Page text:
[mythtv-users] ACPI

Daryl McDonald darylangela at gmail.com
Sun Sep 13 17:39:36 UTC 2020

I hope this result will confirm that I have followed your instruction:

daryl at trieli:~$ ls -al /etc/sudoers.d/acpi
-r--r----- 1 root root 162 Sep 13 09:45 /etc/sudoers.d/acpi
daryl at trieli:~$ sudo cat /etc/sudoers.d/acpi
#instead of adding directly to sudoers file, this file was created

#mythtv,%mythtv ALL = NOPASSWD: /sbin/shutdown, /usr/bin/setwakeup.sh,

daryl at trieli:~$ ls -al /sbin/shutdown
lrwxrwxrwx 1 root root 14 Jul  6 17:38 /sbin/shutdown -> /bin/systemctl
daryl at trieli:~$ ls -al /usr/bin/setwakeup.sh
-r-xr-xr-x 1 root mythtv 1221 Sep 10 16:37 /usr/bin/setwakeup.sh
daryl at trieli:~$ ls -al /usr/bin/checklogin.sh
-r-xr-xr-x 1 root mythtv 1222 Sep 10 16:47 /usr/bin/checklogin.sh
daryl at trieli:~$ cat /usr/bin/setwakeup.sh
#$1 is the first argument to the script. It is the time in seconds since
#this is defined in mythtv-setup with the time_t argument

echo 0 > /sys/class/rtc/rtc0/wakealarm      #this clears your alarm.
echo $1 > /sys/class/rtc/rtc0/wakealarm     #this writes your alarm

LOG_FILE='/var/log/mythtv/hwclock-rebootTime.log' #log file

# Now write the time the system is expected to come out of power save mode
# so there is at least a small record of when if it was supposed to recover

# Note:- Log file will just keep growing

# date in Epoch format
a="`date  +%s`"

# Subtract Current time from Future time
let "b=$1-$a"

# echo $b
# echo "result of time subtraction `date -d @$b`"

# Get Date and Subtract 1,.. as date starts from 1st Jan 1970
dte=`date -d @$b +%d`
let "dte -= 1"

echo "Current Time      ->`date`" >> $LOG_FILE

# Simple check to determine if to include days in output string
if (dte=0)
    echo "Shutting down for ->`date -d @$b +%Hhrs:%MMins`" >> $LOG_FILE
    echo "Shutting down for ->$[dte]Days `date -d @$b +%Hhrs:%MMins`" >>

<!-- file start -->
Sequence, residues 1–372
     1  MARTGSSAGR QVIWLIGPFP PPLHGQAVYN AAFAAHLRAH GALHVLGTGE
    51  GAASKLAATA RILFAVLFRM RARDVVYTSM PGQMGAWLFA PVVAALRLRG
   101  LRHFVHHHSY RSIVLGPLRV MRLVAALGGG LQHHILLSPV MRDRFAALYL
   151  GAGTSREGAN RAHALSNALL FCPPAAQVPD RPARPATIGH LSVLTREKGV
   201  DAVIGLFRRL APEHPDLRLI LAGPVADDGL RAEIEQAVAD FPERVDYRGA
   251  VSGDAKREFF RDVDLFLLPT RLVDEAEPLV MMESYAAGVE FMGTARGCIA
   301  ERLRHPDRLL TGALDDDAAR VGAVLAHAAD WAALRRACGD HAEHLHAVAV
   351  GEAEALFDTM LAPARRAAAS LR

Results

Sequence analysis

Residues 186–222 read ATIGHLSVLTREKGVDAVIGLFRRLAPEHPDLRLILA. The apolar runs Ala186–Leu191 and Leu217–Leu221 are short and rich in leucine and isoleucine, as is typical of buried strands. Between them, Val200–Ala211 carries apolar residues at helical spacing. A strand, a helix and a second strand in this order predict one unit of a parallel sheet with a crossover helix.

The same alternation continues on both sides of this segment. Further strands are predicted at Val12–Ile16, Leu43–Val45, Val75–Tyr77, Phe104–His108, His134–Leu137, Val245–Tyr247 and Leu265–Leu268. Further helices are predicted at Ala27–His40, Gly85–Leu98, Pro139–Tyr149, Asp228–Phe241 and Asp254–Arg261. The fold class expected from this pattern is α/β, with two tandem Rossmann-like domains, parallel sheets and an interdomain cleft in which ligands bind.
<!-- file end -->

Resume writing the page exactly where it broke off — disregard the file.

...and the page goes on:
echo "Wake up at approx.->`date -d @$1`"  >> $LOG_FILE
echo "------------------------------------------------------" >> $LOG_FILE

daryl at trieli:~$ cat /usr/bin/checklogin.sh
# Check to see if anyone is currently logged in or if the machine was
recently switched on.
# Echoed text appears in log file. It can be removed and --quiet added to
# grep command once you are satisfied that mythTV is working properly.
# Exit codes:-
# 2 - Machine recently switched on, don't shut down.
# 1 - A user is logged in, don't shut down.
# 0 - No user logged in, OK to shut down.

# Customizable variables
MIN_UPTIME=10   # Minimum up time in minutes
# End of customizable variables

# Get a date/time stamp to add to log output
DATE=`date +%F\ %T\.%N`

UPTIME=`cat /proc/uptime | awk '{print int($1/60)}'`

if [ "$UPTIME" -lt "$MIN_UPTIME" ]; then
    echo $DATE Machine uptime less than $MIN_UPTIME minutes, don\'t shut
    exit 2

# Some configurations ( at least lxdm + xfce4) do not report GUI-logged-on
# with "who" or "users".
# pgrep tests if processes named xfce* exist

XFCE_PROCS=`pgrep xfce`

USERS=`who -q | tail -n 1 | sed 's/[a-z #]*=//'`

if [ "$USERS" == "0" ] && [ "$XFCE_PROCS" == "" ]; then
    echo $DATE No users are logged in, ok to shut down.
    exit 0
    echo $DATE Someone is still logged in, don\'t shut down.
    exit 1

daryl at trieli:~$

On Sun, Sep 13, 2020 at 1:42 AM Stephen Worthington <
stephen_agent at jsw.gen.nz> wrote:

> On Sat, 12 Sep 2020 16:38:11 -0400, you wrote:
> >Still no joy. When I ran "sudo visudo" the comments said "consider
> creating
> >a sudoers.d file" (or something similar) which I didn't because the wiki
> >saed add this to the end of the file. Should I try the former?
> visudo will only edit the /etc/sudoers file.  It is usually better
> just to create a new file under /etc/sudoers.d, as the /etc/sudoers
> file can be updated by package updates.  However, visudo does do basic
> sanity checks on your edits, which does not happen if you create a new
> /etc/sudoers.d file.  For a /etc/sudoers.d file to work, it needs to
> be owned by root and you need to remove all write privileges.  It is
> also important that any executable file or script you are listing in
> the sudoers.d file is also not writeable at all (or only writeable by
> root).  So when I created my /usr/local/bin/mythtv-systemctl-helper.sh
> script, I did this:
> sudo chown root:mythtv /usr/local/bin/mythtv-systemctl-helper.sh
> sudo chmod u=rx,g=rx /usr/local/bin/mythtv-systemctl-helper.sh
> Then I created a /etc/sudoers.d/mythtv-systemctl-helper file
> containing this:
> mythtv,%mythtv ALL=NOPASSWD:/usr/local/bin/mythtv-systemctl-helper.sh
> which says that the mythtv user or any user in the mythtv group
> (%mythtv) can run the mythtv-systemctl-helper.sh file with sudo
> without needing a password.  I did this:
> sudo chown root:root /etc/sudoers.d/mythtv-systemctl-helper
> sudo chmod u=r,g=r /etc/sudoers.d/mythtv-systemctl-helper
> to secure that file and make sudo accept it as valid.
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